The Torchmen Quartet: Faithful
Recorded at Crossroads Recording Studio, Grant Ave Studios
Producers: Chris Allman, Amy King, Jon Hisey
Review by: Lorraine Walker
It was a pleasure to receive the latest album from the Torchmen Quartet, entitled “Faithful.” Appropriately named, this recording talks about being faithful to the Lord Jesus every day, through every difficulty, and in every circumstance. I have known the TQ’s members, Mike Moran, Jon Hisey, Sandy MacGregor and Jeff Tritton for a long time and can attest to the fact that these gentlemen have been faithful to their call and to the Lord.
From the very first play of the first cut on the project, this CD feels like the TQ you know and enjoy, but upscaled to an even better version of themselves. “It’s An Everyday Thing,” has the type of instrumentation and vocals that listeners of Torchmen projects are used to, with violin and steel guitar, and the melody line seems perfect for MacGregor, who handles the song with ease. Special note that the drums on this track were played by Michael Booth, who has an excellent touch on the toms. This tune was written by Rebecca J. Peck, who also wrote two more cuts on this album.
“Faithful Father” is an easy-listening quartet song, written by Rodney Griffith and Chris Binion. It’s a good reminder that no matter what, our Heavenly Father is faithful; much more so than we can possibly be. I enjoy Tritton’s vocals regardless of what he sings, and he adds his smooth tones to this song which is polished and so comforting to the ear and the heart.
“Crown Him King,” a quartet favorite by Luther G. Presley and Wally Varner, is handled effortlessly by this seasoned group. So well, I’m almost positive they have recorded it before. The quartet has recorded over 30 projects and I don’t claim to have every project, so it could well be that they have. Regardless, it is an excellent track.
“What If Someone” is another smooth Tritton song, written by Lanny Wolfe. It will make you wonder what if you had never been told about Jesus…and who you should be telling about Him today that may not hear about the Lord in any other way.
“I Want to Live Like Jesus,” written by Ernie Haase and Dianne Wilkinson, has the flair and instrumentation of a Cathedral Quartet cut. I so enjoyed the precision and thought behind this tune.
Torchmen listeners may not be overly surprised at some song choices by MacGregor, but I have to admit, when I heard the opening strains of this song and realized what it was, I couldn’t believe my ears. But what a treat! If you listened to Christian music in the ‘80s, you couldn’t help but hear Twila Paris sing, “The Warrior is a Child.” MacGregor takes this song to new places and it truly becomes a quartet song. Great job, gentlemen. Kudos to your producer, Chris Allman.
“Good Things” is another Rebecca Peck song, this time with David Jenkins. Another finger-snapping tune shows the men’s crisp timing and more great vocals by Tritton.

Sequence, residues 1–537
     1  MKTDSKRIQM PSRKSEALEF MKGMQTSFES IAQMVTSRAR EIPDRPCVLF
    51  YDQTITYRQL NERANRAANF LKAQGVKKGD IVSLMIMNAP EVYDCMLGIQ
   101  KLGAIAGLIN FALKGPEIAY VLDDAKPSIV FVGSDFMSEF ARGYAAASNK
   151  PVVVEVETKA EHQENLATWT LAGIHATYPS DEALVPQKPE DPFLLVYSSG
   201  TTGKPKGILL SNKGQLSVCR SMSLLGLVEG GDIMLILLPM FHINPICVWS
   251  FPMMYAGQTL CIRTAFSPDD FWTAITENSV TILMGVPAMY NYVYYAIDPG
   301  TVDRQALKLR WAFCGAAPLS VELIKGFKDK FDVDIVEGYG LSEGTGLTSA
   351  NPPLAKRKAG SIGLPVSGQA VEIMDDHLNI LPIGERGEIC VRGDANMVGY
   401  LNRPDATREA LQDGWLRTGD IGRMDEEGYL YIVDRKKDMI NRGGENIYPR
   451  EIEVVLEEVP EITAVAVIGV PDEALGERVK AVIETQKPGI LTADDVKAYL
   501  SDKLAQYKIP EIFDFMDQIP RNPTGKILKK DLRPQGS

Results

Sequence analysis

“Reunion with You” begins with a melancholy tone in both lyric and notes, but sadness changes to hope with the chorus which reminds us that there will be an eternal reunion with our loved ones someday. This song by Tim Lanier immediately reminded me of my mom who passed away almost 8 years ago; however, the pang of separation never seems to diminish. Mike Moran tells this story with finesse and the ability to communicate emotion, thought and lyric, that has made him a favorite with Canadian audiences.
“Wonder Working God” lists among its writers the husband/wife team of Zane and Donna King. I prefer to listen to a new project without reading the liner first, so I knew this was a special cut even before reading that Donna was a part of it. She is one of the most talented people in Christian music and it seems that anything she is a part of becomes touched with a special sparkle that is all her own. One of my favorite cuts.
“I’m Gonna Keep Praying,” another Rodney Griffith song, reminds us what a privilege it is to be able to talk to God any time, anywhere. Another easy-listening song that has powerful, understated lyrics. That may sound like an oxymoron but when you listen to the song, you will agree.
“What Kind of Man,” another Dianne Wilkinson song, helps us look at the humanity of Jesus, which is not a subject often addressed by preachers, let alone Christian music. Well done, Dianne and Janice Crow. Well sung as well, as the harmonies are lovely.
“When the Preacher Gets to Preaching,” written by Rebecca Peck and Christine Degazio, is a fun song that reminds me of the old-time pastors you hear about, the kind who preaches it so straight that the listeners’ hair is parted. Those of us who have been privileged to sit under that kind of sermon totally get this song. Jon Hisey, great vocals! Totally enjoyed this song.
“Oh, What a Price,” the last Peck/Jenkins song, is a beautiful ballad that should be picked up by those churches who present an Easter choir performance. Lyrically and melodically, this song catches the enormity and solemnity of the cost of salvation.
Chris Allman’s comments on the liner indicate that he understands this quartet and his work on this project confirms it. Amy King and Jon Hisey, your talents are also greatly appreciated. For the rest of the album information, the reader is encouraged to buy a copy for themselves.
If you are a fan of Southern gospel music, or just like well done music of any kind, please pick up this album. Thanks so much, Torchmen Quartet, for continuing to raise the bar on your recorded music. Here’s to another 50 years!
For more Reviews of Gospel Music, Download The PDF Version Of SGNScoops Magazine HERE
Find SGNScoops Magazine On Facebook HERE
Listen Online To The Best In Todays Gospel Music HERE